Use this URL to cite or link to this record in EThOS: https://ethos.bl.uk/OrderDetails.do?uin=uk.bl.ethos.753715
Title: Family centred care for children in Ghana hospitalised through road traffic accident
Author: Ohene, Lillian
ISNI:       0000 0004 7426 8018
Awarding Body: De Montfort University
Current Institution: De Montfort University
Date of Award: 2017
Availability of Full Text:
Access from EThOS:
Access from Institution:
Abstract:
Road traffic accident (RTA) is one of the leading causes of injuries and hospitalisation of children in Ghana. The sudden hospitalisation of the injured child is associated with anxieties and stressful episodes for the affected families. Family Centred Care (FCC) is a concept in paediatric nursing, which forms the basis of care for sick children and their families. FCC as a product of social constructs differs in cultures and context, despite the universal principles underpinning the concept. There is a perceived lack of knowledge of the concept in childcare practice in Ghana. This study explored the perspectives of FCC among health professionals and parents of children hospitalised through RTA in Ghana. The study adopted a qualitative approach, underpinned by a constructivist grounded theory methodology. Data was generated through in-depth individual interviews using a semi-structured technique. Participants consisted of twenty-four professionals and nineteen parents. Data were analysed using a constant comparative approach and two core categories emerged. Parental presence emerged from parents’ perspective, which generated four sub-categories. These include; managing emotions, negotiating the system, parental care roles, and challenges encountered. The professionals’ interviews generated family involvement; its sub-categories are parental involvement, communication, setting boundaries and support for family involvement. The emerging model of parental presence and family involvement for the care of the injured child in the hospital is the first of its kind in Ghana. The dimensions of negotiating the care system, which includes parents negotiating their social status with the professionals, also, demonstrating their usefulness in the hospital and establishing acquaintances with persons with influential powers within the socio-cultural context of Ghana forms part of key findings and the contribution to knowledge. The outcome of discussing the findings within the existing literature was projected using the Force Field Analysis as a conceptual framework for family involvement in the medico-cultural context of Ghana. The study recommends that institutional policies should reflect family involvement practice evidenced by clear written protocols for the involvement of parents/family in the care of the in-patient child.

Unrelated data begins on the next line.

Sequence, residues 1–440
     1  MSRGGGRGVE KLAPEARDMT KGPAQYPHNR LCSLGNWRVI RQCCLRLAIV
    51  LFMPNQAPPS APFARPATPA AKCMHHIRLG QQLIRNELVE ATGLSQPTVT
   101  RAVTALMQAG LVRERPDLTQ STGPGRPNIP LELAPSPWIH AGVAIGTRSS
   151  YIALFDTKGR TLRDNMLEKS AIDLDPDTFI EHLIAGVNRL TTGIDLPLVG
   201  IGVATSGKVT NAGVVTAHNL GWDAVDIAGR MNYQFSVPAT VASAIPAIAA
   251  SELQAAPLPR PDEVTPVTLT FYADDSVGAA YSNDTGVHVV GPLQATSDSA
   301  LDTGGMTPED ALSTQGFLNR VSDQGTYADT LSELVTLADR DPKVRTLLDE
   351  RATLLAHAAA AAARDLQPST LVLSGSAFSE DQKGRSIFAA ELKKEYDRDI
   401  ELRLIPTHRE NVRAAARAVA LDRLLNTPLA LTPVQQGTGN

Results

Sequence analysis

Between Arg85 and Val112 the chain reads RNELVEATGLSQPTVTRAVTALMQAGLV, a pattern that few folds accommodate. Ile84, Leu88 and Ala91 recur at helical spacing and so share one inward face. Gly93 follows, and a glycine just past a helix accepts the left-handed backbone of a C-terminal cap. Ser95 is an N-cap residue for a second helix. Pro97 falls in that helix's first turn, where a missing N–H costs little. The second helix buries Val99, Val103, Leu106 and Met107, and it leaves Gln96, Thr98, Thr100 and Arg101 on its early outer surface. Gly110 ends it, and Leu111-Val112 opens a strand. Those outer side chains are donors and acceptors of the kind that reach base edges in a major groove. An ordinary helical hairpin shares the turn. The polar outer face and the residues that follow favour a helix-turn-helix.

Supervisor: Not available Sponsor: Not available
Qualification Name: Thesis (Ph.D.) Qualification Level: Doctoral
EThOS ID: uk.bl.ethos.753715  DOI: Not available
Share: